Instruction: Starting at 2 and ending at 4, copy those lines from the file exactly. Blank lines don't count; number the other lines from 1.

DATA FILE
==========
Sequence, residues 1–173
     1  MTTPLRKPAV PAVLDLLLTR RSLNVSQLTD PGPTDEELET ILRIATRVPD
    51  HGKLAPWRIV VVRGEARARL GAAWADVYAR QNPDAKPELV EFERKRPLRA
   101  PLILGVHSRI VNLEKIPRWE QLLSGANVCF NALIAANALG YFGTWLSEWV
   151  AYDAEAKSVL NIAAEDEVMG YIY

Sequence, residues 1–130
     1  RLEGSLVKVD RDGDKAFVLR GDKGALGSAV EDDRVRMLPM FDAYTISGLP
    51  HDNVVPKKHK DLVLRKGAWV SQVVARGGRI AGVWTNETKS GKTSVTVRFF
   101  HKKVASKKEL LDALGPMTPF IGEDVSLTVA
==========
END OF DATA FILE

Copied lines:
     1  MTTPLRKPAV PAVLDLLLTR RSLNVSQLTD PGPTDEELET ILRIATRVPD
    51  HGKLAPWRIV VVRGEARARL GAAWADVYAR QNPDAKPELV EFERKRPLRA
   101  PLILGVHSRI VNLEKIPRWE QLLSGANVCF NALIAANALG YFGTWLSEWV